Stretching Your Income During Inflation

Gas and food prices have been fluctuating in recent months, making it difficult for consumers to predict expenses and maintain a budget.

Many analysts project the drought that occurred in the Midwest earlier in the year will impact food costs significantly in the coming months. Further, gas prices, which have spiked in recent months, may remain elevated in the future, after climbing an average of 28 cents in August, Reuters reports.

When inflation sets in, many households have difficulties setting and adhering to a money management plan because unpredictable prices make it challenging to set spending limits for necessities. As a result, many families find they are overextended financially during this period, and as a result, must dip into savings, cut out other expenses or go without. While developing a money management strategy can be difficult during these periods, there are steps consumers can take to help stretch their income until prices decline.

In difficult economic times, people need to be able to get to work. To help lower costs, consider carpooling with co-workers or neighbors. This can be a mutually beneficial arrangement that can apply to taking the kids to school, attending community events and even grocery shopping. Individuals who have the option to telecommute may also save money by taking advantage of this benefit. Those who are willing to take more extreme steps may also consider trading in or selling their vehicle in favor of a more fuel-efficient car. This may provide them with more life-long savings if gas prices remain elevated for an indefinite period.

There are also several ways that households can keep their grocery bills manageable when the cost of vegetables, fruits and grain products rise. First, shoppers lose out on significant savings when they fail to clip or download coupons, or don’t take advantage of weekly sales. Obtaining coupons isn’t what it used to be and consumers don’t have to spend hours cutting them out of the newspaper. Instead, there are several mobile applications that allow shoppers to download and print them. Most grocery stores also offer rewards programs that are free to join and only take a moment to sign up for. They typically provide automatic discounts for items at the register, and some extend other rewards – such as discounts on gasoline – to members.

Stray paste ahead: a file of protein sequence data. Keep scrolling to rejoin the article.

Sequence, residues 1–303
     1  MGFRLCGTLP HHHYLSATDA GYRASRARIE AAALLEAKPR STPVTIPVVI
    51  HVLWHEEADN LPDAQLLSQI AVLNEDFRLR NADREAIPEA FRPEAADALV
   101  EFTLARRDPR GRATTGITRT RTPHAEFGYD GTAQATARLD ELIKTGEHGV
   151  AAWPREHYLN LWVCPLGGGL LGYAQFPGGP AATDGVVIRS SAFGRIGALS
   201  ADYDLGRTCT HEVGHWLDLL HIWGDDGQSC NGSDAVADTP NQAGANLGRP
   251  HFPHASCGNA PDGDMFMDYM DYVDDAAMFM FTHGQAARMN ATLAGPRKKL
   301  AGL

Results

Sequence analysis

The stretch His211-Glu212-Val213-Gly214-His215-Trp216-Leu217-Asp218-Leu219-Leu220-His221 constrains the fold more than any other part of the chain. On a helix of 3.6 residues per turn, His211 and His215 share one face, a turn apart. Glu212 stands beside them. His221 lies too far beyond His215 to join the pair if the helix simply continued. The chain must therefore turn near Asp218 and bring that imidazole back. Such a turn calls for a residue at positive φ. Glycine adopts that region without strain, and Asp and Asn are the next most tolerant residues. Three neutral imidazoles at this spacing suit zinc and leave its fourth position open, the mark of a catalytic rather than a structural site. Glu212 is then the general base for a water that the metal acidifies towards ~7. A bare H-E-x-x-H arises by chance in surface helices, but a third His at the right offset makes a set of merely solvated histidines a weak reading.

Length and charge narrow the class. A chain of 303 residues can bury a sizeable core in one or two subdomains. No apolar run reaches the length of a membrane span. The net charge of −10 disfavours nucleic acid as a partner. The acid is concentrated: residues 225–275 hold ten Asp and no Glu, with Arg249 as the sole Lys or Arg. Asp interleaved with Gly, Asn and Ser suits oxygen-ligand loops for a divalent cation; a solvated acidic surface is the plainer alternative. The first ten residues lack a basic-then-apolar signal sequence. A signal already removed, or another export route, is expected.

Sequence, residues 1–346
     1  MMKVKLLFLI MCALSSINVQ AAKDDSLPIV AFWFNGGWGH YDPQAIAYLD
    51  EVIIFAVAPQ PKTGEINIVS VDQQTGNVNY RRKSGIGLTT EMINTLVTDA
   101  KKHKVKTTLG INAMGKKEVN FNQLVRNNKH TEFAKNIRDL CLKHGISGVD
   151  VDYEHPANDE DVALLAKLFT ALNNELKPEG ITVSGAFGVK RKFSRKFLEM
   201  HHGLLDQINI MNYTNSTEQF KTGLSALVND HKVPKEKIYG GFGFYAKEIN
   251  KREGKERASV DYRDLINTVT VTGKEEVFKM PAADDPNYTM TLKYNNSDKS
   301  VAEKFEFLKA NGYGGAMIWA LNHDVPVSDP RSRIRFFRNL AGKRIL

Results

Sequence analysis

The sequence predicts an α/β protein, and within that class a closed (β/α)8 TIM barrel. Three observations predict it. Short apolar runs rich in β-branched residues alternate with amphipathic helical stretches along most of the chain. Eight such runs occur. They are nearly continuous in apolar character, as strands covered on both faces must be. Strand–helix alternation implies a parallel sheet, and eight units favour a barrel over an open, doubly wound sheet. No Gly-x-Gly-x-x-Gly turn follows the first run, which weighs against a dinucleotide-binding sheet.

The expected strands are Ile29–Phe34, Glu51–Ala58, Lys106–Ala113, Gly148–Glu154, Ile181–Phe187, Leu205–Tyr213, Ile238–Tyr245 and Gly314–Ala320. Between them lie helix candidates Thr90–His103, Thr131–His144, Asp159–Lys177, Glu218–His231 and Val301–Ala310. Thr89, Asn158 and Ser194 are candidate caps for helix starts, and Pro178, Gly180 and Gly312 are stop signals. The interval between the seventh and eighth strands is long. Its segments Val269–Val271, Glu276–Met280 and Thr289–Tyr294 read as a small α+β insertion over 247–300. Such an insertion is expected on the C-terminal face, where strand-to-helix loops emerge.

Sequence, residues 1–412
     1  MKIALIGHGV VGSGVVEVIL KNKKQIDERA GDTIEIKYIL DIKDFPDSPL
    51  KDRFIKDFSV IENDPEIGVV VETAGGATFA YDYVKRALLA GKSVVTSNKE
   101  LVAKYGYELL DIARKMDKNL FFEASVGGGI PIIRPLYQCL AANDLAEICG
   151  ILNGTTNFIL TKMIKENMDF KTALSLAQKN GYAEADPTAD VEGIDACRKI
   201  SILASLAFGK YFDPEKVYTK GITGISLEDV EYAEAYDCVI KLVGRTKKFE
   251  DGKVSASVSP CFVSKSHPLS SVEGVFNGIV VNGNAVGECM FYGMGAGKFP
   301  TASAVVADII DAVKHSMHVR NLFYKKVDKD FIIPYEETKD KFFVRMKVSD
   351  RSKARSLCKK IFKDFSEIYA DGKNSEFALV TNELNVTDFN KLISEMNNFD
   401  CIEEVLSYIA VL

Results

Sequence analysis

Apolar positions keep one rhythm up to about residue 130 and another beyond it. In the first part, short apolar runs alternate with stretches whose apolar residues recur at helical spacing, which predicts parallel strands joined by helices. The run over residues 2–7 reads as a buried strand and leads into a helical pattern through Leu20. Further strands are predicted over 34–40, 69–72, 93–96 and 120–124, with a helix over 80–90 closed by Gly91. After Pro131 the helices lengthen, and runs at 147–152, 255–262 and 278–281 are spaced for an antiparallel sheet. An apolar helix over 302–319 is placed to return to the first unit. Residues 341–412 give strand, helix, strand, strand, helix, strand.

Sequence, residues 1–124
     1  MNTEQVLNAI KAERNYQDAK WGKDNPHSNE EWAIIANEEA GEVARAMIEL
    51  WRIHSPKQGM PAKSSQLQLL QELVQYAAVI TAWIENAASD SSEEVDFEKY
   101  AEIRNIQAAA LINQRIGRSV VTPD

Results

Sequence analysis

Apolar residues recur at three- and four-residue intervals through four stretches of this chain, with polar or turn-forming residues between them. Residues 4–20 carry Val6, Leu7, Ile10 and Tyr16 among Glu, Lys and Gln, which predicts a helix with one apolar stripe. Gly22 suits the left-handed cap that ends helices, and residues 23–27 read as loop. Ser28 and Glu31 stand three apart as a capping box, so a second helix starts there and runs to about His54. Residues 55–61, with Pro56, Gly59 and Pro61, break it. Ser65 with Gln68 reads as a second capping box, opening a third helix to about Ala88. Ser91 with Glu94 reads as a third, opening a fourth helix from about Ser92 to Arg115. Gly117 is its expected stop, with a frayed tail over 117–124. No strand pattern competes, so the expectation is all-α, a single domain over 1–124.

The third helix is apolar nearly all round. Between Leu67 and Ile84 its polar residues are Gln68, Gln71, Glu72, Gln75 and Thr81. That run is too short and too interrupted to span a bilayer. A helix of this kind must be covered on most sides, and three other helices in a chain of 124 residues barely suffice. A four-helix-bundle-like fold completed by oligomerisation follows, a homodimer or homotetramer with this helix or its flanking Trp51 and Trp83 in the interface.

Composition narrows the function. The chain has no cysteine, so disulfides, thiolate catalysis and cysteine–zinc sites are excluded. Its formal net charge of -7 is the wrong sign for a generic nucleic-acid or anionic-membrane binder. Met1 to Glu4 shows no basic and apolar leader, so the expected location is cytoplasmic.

Lastly, consumers may want to invest in a large freezer that can house meat, frozen vegetables and fish that was purchased in bulk and on sale. This can help consumers take advantage of large discounts without the worry of wasting their food.

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April Lewis-Parks
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AParks@consolidatedcredit.org
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